Thursday, November 04, 2010

Hilda Ogden

Who doesn't love Jean Alexander's Hilda Ogden? Even Lord Larry Olivier was a member of her fan club. In fact, he founded the Hilda Ogden Appreciation Society. Her iconic scarf and rollers make me swoon with all the ignorance of post-war youth. Somewhere between Rosie the Riveter and Joan Crawford comes this modern take on a 1940s headscarf, modernized into an easy to wear headband. It is very quick and easy to knit.
The expansive rib is worked in Brioche Stitch, a great yardage extender and a very warm knit.
You may omit the provisional cast on by gathering the cast on edge with the tail when finishing. Do try the provisional cast on though; it's important to 'start as you mean to go on'!

1 skein Jill Eaton Minnow Merino yarn (Available at The Loop, Halifax)
6mm Knitting Needles
Large eye Darning Needle or 3.5mm Crochet Hook

Yarn Substitution:
Minnow Merino is an aran weight yarn. It is a soft bouncy one ply. One 50g skein contains 70 metres. This project takes less than one skein. A heavy worsted weight yarn may be substituted.

With 6mm needle work
Provisional Crochet cast on with slippery, contrasting, dk or lighter weight scrap yarn.
Cast on 14 stitches.
Note: the original headband, shown in photos was worked with a cast on of 12 stitches. Over time it's width didn't hold up. A cast on of 14 provides a more utilitarian headband for Northern climbs and oceanside cities like mine.

Knit one row with main yarn leaving a 8" tail .
With Main Yarn, begin Brioche Stitch.

Brioche Stitch:
Row 1 (Foundation Row): *yo, sl1pw, k1* Repeat from *to* to the end of the row.
Row 2: *yo, sl1pw, k2tog* Rep *to* to the end of the row.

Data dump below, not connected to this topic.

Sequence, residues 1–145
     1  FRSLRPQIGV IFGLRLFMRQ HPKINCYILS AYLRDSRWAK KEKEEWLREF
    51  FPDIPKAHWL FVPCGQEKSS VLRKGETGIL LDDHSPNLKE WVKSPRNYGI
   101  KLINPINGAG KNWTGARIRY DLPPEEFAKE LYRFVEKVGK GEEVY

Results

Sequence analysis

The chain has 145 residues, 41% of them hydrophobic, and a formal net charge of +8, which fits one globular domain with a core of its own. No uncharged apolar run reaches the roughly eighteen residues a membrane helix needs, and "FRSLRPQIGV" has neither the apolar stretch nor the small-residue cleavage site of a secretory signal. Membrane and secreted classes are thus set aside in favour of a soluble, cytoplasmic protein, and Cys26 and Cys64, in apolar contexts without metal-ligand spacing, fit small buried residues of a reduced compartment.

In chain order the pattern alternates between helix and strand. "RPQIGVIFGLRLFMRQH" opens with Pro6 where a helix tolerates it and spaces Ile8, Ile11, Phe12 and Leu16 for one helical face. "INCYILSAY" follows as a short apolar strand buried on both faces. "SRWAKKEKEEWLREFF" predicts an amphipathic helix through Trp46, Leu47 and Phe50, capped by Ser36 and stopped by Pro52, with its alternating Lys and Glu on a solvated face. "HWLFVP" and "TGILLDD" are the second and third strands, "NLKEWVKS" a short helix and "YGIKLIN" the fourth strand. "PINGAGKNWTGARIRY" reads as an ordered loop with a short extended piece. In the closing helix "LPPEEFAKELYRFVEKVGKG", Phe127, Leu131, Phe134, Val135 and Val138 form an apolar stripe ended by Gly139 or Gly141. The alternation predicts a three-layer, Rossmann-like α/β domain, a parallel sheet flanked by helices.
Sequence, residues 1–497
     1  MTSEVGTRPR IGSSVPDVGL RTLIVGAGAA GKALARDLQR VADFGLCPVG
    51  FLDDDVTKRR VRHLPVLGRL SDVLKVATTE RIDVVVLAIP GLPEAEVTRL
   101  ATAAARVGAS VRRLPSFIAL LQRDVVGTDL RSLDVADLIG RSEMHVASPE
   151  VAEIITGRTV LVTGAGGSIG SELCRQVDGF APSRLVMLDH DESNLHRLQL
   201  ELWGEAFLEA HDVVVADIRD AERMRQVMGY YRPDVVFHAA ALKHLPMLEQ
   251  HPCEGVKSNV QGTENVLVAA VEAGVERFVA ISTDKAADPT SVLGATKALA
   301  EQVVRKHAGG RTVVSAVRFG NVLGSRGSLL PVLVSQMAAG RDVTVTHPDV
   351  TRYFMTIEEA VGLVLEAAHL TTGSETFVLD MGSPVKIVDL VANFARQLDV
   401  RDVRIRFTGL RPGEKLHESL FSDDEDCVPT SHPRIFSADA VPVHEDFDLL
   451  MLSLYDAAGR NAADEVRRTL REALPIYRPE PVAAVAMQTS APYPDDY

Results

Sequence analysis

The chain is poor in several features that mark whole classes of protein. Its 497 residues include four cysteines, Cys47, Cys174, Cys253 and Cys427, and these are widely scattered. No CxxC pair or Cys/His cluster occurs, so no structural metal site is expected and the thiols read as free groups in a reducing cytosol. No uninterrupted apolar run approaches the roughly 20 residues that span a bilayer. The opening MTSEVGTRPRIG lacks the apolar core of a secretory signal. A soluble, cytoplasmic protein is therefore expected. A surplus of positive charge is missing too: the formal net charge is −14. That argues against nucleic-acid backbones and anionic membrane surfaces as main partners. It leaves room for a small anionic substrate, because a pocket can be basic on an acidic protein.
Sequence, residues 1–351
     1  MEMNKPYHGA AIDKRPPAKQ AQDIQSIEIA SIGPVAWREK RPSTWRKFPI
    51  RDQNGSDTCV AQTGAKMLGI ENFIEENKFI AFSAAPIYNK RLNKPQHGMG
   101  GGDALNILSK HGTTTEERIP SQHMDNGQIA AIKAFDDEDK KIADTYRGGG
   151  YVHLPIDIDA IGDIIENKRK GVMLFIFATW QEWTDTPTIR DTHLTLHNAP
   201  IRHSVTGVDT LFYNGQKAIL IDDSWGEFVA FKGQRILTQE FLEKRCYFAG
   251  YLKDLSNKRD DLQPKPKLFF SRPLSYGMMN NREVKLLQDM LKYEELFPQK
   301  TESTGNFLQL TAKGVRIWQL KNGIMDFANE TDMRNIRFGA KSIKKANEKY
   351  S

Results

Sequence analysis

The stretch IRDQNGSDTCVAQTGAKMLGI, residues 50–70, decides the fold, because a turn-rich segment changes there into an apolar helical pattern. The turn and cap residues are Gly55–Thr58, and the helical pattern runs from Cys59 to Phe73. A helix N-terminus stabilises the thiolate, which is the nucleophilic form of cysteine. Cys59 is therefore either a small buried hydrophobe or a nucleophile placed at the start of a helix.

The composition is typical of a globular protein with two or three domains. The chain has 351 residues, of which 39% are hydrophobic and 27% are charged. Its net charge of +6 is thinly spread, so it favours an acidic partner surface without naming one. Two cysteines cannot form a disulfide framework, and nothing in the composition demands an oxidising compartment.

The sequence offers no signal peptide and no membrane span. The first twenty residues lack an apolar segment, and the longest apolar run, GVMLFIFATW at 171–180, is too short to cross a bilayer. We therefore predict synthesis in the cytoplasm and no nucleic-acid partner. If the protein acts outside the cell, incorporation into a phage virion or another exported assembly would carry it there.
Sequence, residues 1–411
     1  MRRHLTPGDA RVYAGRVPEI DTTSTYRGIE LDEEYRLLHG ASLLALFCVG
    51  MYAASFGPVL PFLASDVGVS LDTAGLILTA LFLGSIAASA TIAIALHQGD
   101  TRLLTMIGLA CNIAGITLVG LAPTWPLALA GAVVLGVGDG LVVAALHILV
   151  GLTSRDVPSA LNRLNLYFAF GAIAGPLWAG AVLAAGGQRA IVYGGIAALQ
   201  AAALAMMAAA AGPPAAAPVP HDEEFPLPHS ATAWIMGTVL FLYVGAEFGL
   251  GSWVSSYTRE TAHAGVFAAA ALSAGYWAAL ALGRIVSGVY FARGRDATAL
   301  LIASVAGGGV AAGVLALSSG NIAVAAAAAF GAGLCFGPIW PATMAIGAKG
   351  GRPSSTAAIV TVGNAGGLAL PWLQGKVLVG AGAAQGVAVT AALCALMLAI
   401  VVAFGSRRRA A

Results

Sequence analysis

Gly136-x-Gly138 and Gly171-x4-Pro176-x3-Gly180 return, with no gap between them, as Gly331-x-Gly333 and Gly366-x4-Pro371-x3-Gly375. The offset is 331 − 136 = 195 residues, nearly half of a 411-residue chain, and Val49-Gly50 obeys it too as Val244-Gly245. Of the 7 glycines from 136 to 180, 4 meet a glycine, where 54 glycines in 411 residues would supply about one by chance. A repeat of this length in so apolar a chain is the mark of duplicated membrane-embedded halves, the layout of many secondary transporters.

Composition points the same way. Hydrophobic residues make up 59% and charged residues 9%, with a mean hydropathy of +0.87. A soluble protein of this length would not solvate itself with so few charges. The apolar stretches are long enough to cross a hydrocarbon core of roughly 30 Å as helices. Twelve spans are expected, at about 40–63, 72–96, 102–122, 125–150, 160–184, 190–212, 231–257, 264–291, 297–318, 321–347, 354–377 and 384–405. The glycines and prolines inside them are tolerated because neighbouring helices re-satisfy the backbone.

Repeat Row 2 for pattern.

Continue Brioche Stitch until headband measures 19" from cast on, or until the headband fits around head, slightly stretched.
Final Row: *K1, P1, drop yarn over of previous row* Repeat from *to* to the end of the row.
Leave stitches on needle and cut yarn leaving 8" tail

Rip out provisional cast on
Note: If you have substituted a dissimilar yarn, or a an acrylic yarn, the stitches may not remain pert and ready for pickup once exposed (as in the photo below). If you have floppy stitches prone to unraveling, you may choose to rip out the provisional cast on 'as you go' or to catch up the live, exposed stitches on the needle.

Thread cast on tail through cast on stitches
Thread cast on tail through cast off stitches and pull fairly taut
Thread cast on tail back through cast on stitches, keeping taut.
Thread cast off tail through cast on stitches and cast off stitches, keeping taut.

Weave cast on tail through a few of the cast off stitches and then hide end in the ribbing.
Weave cast off tail through a few of the cast on stitches and then hide end in the ribbing.
Blocking is optional but may help to exaggerate the drawn-in effect


Miss Me said...

oh how i miss hilda... what a great headscarf.

thank you for sharing.

Katy said...

I have made SO many of these. Thank you The Loop

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